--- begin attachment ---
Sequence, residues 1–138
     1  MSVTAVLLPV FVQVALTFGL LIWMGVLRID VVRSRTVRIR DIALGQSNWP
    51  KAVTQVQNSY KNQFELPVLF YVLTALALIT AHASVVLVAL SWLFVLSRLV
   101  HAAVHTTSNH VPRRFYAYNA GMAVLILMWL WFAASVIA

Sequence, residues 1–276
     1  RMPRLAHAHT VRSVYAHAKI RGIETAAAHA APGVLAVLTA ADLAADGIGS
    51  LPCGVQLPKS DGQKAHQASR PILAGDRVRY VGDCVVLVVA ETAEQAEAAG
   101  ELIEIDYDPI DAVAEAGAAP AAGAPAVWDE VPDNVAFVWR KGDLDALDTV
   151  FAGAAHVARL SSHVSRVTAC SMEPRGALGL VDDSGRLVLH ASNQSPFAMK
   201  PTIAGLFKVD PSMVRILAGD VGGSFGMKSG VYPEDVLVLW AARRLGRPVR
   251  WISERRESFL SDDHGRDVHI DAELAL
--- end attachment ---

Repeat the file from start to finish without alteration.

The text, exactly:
Sequence, residues 1–138
     1  MSVTAVLLPV FVQVALTFGL LIWMGVLRID VVRSRTVRIR DIALGQSNWP
    51  KAVTQVQNSY KNQFELPVLF YVLTALALIT AHASVVLVAL SWLFVLSRLV
   101  HAAVHTTSNH VPRRFYAYNA GMAVLILMWL WFAASVIA

Sequence, residues 1–276
     1  RMPRLAHAHT VRSVYAHAKI RGIETAAAHA APGVLAVLTA ADLAADGIGS
    51  LPCGVQLPKS DGQKAHQASR PILAGDRVRY VGDCVVLVVA ETAEQAEAAG
   101  ELIEIDYDPI DAVAEAGAAP AAGAPAVWDE VPDNVAFVWR KGDLDALDTV
   151  FAGAAHVARL SSHVSRVTAC SMEPRGALGL VDDSGRLVLH ASNQSPFAMK
   201  PTIAGLFKVD PSMVRILAGD VGGSFGMKSG VYPEDVLVLW AARRLGRPVR
   251  WISERRESFL SDDHGRDVHI DAELAL